• Black fondant: 1.5kg to be safe Available here
  • Red fondant: You don't need much, so you may be better off colouring white fondant red using red gel paste. Available here
  • Silver edible paint Available here
  • White edible pain Available here
  • Other colour fondant to cover cake board (Optional)
  • Rolling pin
  • Corn flour (can also be substituted with tapioca or rice flour)
  • Thin paint brushes
  • Fondant tools: If you don't have fondant tools a small sharp knife will suffice
  • Various icing piping tips: This was used to get nice clean cut circles of various sizes using different ends of the tips 
  • 12" Cake Board + 12" cake box  Available here
  • Water to stick fondant together
  • Unfortunately, I have no photos of the cake cross-section as the camera body was cut the following day and I didn't get a photo of it. 
Rectangle Pan: I used toothpicks to pin the template to the cake. Using the serrated knife I cut out 2 of the templates.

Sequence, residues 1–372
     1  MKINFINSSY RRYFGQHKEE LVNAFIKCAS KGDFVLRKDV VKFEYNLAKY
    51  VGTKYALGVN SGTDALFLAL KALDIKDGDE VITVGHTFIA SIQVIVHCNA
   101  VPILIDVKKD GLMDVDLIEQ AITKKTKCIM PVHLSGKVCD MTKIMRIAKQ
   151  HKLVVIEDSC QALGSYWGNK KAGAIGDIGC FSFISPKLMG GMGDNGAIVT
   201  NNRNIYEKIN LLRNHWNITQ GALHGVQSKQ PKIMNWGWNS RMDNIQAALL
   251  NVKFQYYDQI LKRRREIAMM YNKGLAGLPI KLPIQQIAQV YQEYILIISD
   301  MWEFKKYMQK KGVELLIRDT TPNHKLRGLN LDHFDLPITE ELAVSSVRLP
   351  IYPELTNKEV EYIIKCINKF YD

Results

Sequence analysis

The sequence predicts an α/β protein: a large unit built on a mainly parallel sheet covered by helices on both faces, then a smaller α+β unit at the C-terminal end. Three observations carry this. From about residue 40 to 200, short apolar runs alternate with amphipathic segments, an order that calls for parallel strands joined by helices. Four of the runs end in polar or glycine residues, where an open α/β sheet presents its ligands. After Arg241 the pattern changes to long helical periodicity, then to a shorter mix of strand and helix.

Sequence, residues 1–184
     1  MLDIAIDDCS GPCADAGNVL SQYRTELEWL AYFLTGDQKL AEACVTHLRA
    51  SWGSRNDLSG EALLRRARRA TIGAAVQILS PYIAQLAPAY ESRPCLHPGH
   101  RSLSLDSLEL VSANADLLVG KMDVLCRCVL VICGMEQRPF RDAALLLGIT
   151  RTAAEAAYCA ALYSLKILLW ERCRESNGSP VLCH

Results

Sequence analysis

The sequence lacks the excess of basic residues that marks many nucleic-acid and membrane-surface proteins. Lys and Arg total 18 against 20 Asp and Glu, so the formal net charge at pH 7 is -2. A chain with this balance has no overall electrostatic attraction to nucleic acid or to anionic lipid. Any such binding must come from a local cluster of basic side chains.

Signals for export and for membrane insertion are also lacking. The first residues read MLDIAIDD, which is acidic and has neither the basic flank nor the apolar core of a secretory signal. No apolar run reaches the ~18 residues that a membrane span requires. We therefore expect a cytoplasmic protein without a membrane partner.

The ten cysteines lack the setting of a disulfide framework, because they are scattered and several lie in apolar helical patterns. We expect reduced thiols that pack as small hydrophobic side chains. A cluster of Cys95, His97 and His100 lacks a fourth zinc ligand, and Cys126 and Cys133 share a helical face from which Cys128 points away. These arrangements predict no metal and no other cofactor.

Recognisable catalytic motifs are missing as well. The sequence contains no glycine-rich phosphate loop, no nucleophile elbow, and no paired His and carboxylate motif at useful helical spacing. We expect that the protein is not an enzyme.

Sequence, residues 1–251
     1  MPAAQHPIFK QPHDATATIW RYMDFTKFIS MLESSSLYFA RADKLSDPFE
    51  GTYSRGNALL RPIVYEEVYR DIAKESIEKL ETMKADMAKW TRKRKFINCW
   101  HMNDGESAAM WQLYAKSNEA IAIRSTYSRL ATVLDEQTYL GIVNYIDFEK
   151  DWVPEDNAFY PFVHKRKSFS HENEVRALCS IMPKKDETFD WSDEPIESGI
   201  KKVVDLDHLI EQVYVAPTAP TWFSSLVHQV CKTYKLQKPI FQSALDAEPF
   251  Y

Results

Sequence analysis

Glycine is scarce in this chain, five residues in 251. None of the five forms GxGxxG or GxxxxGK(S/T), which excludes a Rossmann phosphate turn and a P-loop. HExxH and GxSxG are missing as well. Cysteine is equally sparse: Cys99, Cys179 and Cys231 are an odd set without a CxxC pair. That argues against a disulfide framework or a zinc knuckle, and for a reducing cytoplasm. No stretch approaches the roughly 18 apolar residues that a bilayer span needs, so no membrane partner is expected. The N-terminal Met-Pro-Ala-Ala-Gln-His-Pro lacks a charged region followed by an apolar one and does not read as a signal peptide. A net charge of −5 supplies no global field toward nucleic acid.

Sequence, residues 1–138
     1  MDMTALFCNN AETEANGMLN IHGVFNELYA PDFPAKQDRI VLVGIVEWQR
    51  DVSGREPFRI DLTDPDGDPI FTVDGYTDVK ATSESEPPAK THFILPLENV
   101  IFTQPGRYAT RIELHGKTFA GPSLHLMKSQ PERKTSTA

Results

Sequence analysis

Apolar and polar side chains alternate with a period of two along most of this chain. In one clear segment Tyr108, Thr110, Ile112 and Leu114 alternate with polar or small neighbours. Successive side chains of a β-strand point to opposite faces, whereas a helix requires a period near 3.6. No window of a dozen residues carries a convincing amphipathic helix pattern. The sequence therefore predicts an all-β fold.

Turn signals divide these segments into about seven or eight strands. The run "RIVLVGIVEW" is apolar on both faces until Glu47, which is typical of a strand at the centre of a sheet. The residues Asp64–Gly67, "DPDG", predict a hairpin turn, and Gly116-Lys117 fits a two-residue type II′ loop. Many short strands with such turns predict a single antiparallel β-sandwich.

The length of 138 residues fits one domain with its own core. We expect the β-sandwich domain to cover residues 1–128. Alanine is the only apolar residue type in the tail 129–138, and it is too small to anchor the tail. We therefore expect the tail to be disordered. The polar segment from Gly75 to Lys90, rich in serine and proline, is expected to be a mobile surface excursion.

I used cake offcuts to the create the top part of the camera. I stacked them on top of each other to make sure I got the height and shape to my liking

Photo reference point

I used ganache to stick the cake offcuts to the body. I wasn't happy with the grip component of the cake from the template. Therefore, I added an extra bit of cake so that it was longer and more square than round at the front. I did a ganache crumb coat of the 2 halves separately. 

I then realised I forgot the part that sits above the lens which contains the camera brand. Therefore, I roughly cut something to the shape I wanted and attached it using ganache. Refrigerated for 1 hour.

I  carved the camera body so all the edges were smooth and even. I carved down where the shutter button is located. I added another light crumb coat to the newly carved area. Refrigerated for 30 minutes.

Final camera body done!
I stacked the cakes together and did a final ganache coat. This was then refrigerated until fondant work. 

Square pan: I was able to get 4 circles (2 large, and 2 slightly smaller). Using the cookie cutters, I chose the large size I wanted for the front of the lens. I went one size smaller for the body of the lens to give it some shape.

Lens completed!